The Delaware Chancery Court’s recent ADS v. Blackstone Capital Partners decision is a clear statement of support for the effectiveness, where the contracts are drafted unambiguously, of the established private equity deal structure of using a separate acquisition subsidiary, a reverse termination fee and a limited private equity fund guarantee of the fee, specifically to protect the broader private equity group from overexposure to any one deal. While some of the Delaware courts’ recent decisions have had practitioners grappling with subtle issues of how properly to integrate the “lessons learned” into everyday practice – from how properly to draft a specific performance provision to what constitutes “forthright negotiations” to what constitutes an appropriate exercise of a board’s Revlon duties (see e.g., the United Rentals and Ryan v. Lyondell decisions) – the message of the ADS decision in support of the private equity deal structure is loud and clear.  

In May 2007, ADS agreed to be acquired by Aladdin Solutions, a Blackstone-controlled entity formed expressly for the purpose of making the ADS acquisition. Other than via a separate, limited guarantee of Aladdin’s obligations to pay a “business interruption fee” of $170 million if Aladdin breaches the merger agreement, no other Blackstone entities signed or were otherwise a party to the merger agreement or any other related agreement. In addition, Aladdin’s obligations under the agreement were drafted, except in only very limited circumstances, to refer only to Aladdin and its merger subsidiary, and not to Blackstone or any other Blackstone entities. Subsequent to signing, the federal Office of the Comptroller of the Currency refused to grant the necessary approval for the transfer of an ADS bank subsidiary in the transaction unless Blackstone and other affiliates agreed to provide financial support for the subsidiary, which Blackstone refused to do. After the expiration of the drop dead date in the merger agreement without OCC approval (which was a required precondition to the closing of the merger), ADS terminated the agreement and sued Blackstone and Aladdin for the $170 million fee, alleging a breach by Aladdin of, among other things, its obligation to use “reasonable best efforts” to obtain OCC approval and to keep Blackstone from thwarting the closing of the merger.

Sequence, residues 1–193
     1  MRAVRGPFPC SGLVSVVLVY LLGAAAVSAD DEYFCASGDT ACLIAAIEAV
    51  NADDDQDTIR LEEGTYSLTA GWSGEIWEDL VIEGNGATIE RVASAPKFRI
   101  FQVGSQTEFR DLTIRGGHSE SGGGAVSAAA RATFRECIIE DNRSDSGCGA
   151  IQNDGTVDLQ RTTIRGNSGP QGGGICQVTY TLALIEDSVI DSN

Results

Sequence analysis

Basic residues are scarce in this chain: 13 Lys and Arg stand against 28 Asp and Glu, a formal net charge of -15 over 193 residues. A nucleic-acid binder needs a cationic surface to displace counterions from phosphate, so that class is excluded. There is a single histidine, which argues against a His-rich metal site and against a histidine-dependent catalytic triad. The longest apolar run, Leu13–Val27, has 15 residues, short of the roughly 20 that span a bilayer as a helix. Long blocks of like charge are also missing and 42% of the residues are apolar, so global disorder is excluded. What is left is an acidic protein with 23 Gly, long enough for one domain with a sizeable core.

In finding for Blackstone, the Chancery Court made it clear that because of the “carefully cabined” promises that Aladdin made about Blackstone, Blackstone had no contractual obligation to agree to any arrangements with the OCC. Further, the Court refused to look at extrinsic evidence to support ADS’ argument that all negotiators knew that Blackstone might have some liability in this regard. The Court reiterated that because of the “clear bargain” struck by the parties, it would not later alter the agreement that “sophisticated parties entered into willingly because a party now regrets the deal.”  

In a strong statement of support for the way that private equity firms structure their businesses and acquisitions and for the enforceability of such structures where the contractual language is clear, the Court states that:  

A huge amount of wealth generation results from the use of distinct entities by corporate parents to conduct business. This allows parents to engage in risky endeavors precisely because the parents can cabin the amount of risk they are undertaking by using distinct entities to carry out certain activities. Delaware law respects corporate formalities, absent a basis for veilpiercing, recognizing that the wealth-generating potential of corporate and other limited liability entities would be stymied if it did not otherwise.  

The Court thus dismissed ADS’ complaint in its entirety, closing the chapter on yet another failed buyout, this time with the private equity buyer walking away from the deal without having to pay a reverse termination fee or negotiating a settlement.